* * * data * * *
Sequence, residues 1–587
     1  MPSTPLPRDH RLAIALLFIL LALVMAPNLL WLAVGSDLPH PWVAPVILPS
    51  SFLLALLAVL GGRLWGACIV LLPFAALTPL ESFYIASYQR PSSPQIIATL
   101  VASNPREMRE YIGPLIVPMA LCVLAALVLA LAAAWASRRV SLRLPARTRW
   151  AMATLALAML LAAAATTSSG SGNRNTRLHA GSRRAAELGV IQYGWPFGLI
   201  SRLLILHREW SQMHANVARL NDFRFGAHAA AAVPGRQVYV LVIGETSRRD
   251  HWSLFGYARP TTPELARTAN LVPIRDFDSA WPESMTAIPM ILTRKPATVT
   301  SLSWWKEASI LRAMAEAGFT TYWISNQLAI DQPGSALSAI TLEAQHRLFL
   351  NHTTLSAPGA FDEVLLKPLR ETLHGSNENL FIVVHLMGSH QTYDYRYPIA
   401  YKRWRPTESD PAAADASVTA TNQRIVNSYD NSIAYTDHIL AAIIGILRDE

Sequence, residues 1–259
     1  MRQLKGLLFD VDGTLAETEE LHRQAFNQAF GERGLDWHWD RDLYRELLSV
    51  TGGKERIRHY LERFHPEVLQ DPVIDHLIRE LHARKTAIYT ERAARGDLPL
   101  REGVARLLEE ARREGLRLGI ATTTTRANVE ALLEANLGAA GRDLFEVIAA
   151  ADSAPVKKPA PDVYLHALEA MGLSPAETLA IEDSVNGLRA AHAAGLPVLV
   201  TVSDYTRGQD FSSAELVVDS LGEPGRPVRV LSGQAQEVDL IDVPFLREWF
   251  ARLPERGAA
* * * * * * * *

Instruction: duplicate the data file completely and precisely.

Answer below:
Sequence, residues 1–587
     1  MPSTPLPRDH RLAIALLFIL LALVMAPNLL WLAVGSDLPH PWVAPVILPS
    51  SFLLALLAVL GGRLWGACIV LLPFAALTPL ESFYIASYQR PSSPQIIATL
   101  VASNPREMRE YIGPLIVPMA LCVLAALVLA LAAAWASRRV SLRLPARTRW
   151  AMATLALAML LAAAATTSSG SGNRNTRLHA GSRRAAELGV IQYGWPFGLI
   201  SRLLILHREW SQMHANVARL NDFRFGAHAA AAVPGRQVYV LVIGETSRRD
   251  HWSLFGYARP TTPELARTAN LVPIRDFDSA WPESMTAIPM ILTRKPATVT
   301  SLSWWKEASI LRAMAEAGFT TYWISNQLAI DQPGSALSAI TLEAQHRLFL
   351  NHTTLSAPGA FDEVLLKPLR ETLHGSNENL FIVVHLMGSH QTYDYRYPIA
   401  YKRWRPTESD PAAADASVTA TNQRIVNSYD NSIAYTDHIL AAIIGILRDE

Sequence, residues 1–259
     1  MRQLKGLLFD VDGTLAETEE LHRQAFNQAF GERGLDWHWD RDLYRELLSV
    51  TGGKERIRHY LERFHPEVLQ DPVIDHLIRE LHARKTAIYT ERAARGDLPL
   101  REGVARLLEE ARREGLRLGI ATTTTRANVE ALLEANLGAA GRDLFEVIAA
   151  ADSAPVKKPA PDVYLHALEA MGLSPAETLA IEDSVNGLRA AHAAGLPVLV
   201  TVSDYTRGQD FSSAELVVDS LGEPGRPVRV LSGQAQEVDL IDVPFLREWF
   251  ARLPERGAA